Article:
Tuesday, February 11, 2014

The Last Few Weeks

Lest you think I have fallen off the face of the earth, I assure you I haven't.  Forgive my silence these last few weeks, but they have been pretty difficult weeks and I had little time or energy to blog. Sad events, ill health and a last minute break to Krakow (at the insistence of parishioners who said I needed to get away) ended up with me in bed sick in a hotel!  It has been eventful. 

Indeed the events of the last four weeks have really overwhelmed many of us here in Ireland.  The brutal murder of one of our great advocates for the pro-life cause here in Ireland, Tom O'Gorman, has winded us.  And the violent outpouring of invective and bile from the enemies of life and marriage in Ireland at the very time we were mourning Tom has left us stunned.  I had thought that opponents in any campaign would respect a time of mourning and at least stay silent and let us bury our friend in peace.  Not so, it seemed certain activists in Ireland actually used this moment of grief and weakness to intensify the attack, aided and abetted by the media.  And indeed, from the safety of parliamentary chambers, certain elected members joined in the attack on certain pro-life and Catholic figures. It has been a ugly few weeks and has given us valuable insights into the nature and tactics of our enemies.

There was the whole "homophobe" saga which, strangely enough, broke on the night Tom was murdered.  In defending themselves against defamation, those accused of being homophobes took legal advice and won a paltry victory, but that was then attacked and denounced.  It seems to me that the media and powers that be believe that it is okay to defame Catholics and pro-life, pro-traditional marriage advocates.  It is obvious in this saga that the same sex marriage activists wanted to silence all opposition through their branding opponents as homophobes and so, perhaps, force the people of Ireland to give them what they wanted for fear of being accused of discrimination.  That one failed, and they are furious.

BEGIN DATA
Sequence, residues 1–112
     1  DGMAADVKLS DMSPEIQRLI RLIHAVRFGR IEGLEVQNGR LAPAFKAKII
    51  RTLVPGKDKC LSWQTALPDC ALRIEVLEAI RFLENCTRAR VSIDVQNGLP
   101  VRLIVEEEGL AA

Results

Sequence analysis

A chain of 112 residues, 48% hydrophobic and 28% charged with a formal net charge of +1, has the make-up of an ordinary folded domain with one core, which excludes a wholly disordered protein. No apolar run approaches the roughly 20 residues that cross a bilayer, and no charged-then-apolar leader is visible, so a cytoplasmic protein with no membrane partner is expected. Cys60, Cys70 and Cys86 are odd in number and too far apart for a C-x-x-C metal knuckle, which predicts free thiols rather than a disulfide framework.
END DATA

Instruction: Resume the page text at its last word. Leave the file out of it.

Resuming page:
It looks like the campaign leading up to a referendum on same sex marriage next year will be vicious and controversial.  I would urge all those opposing the referendum to practice restraint and resist the tactics of opponents.  We can expect that they will try to taunt us and create flashpoints to force a reaction, we must resist and stick to calm and rational debate.  I would urge the various groups involved in the campaign for traditional marriage to control their more extreme members - they will be the ones the media will use to demonise us.  Remember, we are the underdogs here, though we may represent the majority opinion in Ireland.  Our opponents will have the media, the government and most of our elected representatives, as well as numerous NGOs.  They will also have a huge budget.  But we must pray, reflect carefully on what we do and say, and commend our campaign to the protection of the Holy Family of Nazareth. 

The UN report into the Vatican's handling of child abuse was another notable moment.  As expected in some quarters, the UN used the opportunity to attack the Church's teachings on issues of life and morality.  As one Vatican spokesman said, it seemed the report was written long before the Vatican officials came to testify.  That is obvious, since the report took no account of the measures the Holy See has put in place and has been trying to have implemented in every diocese. 

Some good news.  Last Sunday afternoon I was at a ceremony in Silverstream Priory where two aspirants were received into Noviciate and donned the Benedictine habit.  Dom Mark Kirby, the founder of the new Benedictine congregation, and prior of the community, presided.  His homily was magnificent, as his writings and speeches tend to be.  The two new novices, one American and one from our diocese here in Meath, were given the names Br Elijah Maria and Br Finnian Joseph.  They now begin at least a year of preparation for their first vows.  Please keep them and the new community in your prayers.  Dom Mark is working hard to establish the new congregation, however he needs financial help both to meet the community's bills and to help buy the house.  If you can help please contact him, and if you have been blessed financially, or know someone who has, large donations to help buy the property would be appreciated.   This new priory is a blessing for us, not only in Meath, but also for the Church in Ireland.  It is and will be a place of prayer, silence and pilgrimage for all of us in the years to come.   Indeed, perhaps even a haven and refuge in the wars to come.

1 comment:

  1. Hope you are feeling better now!

    I went to Poland a number of years ago and among other places I visited the Jasna Góra Monastery to see the Black Madonna, it is worth visiting but the crowds can be a bit daunting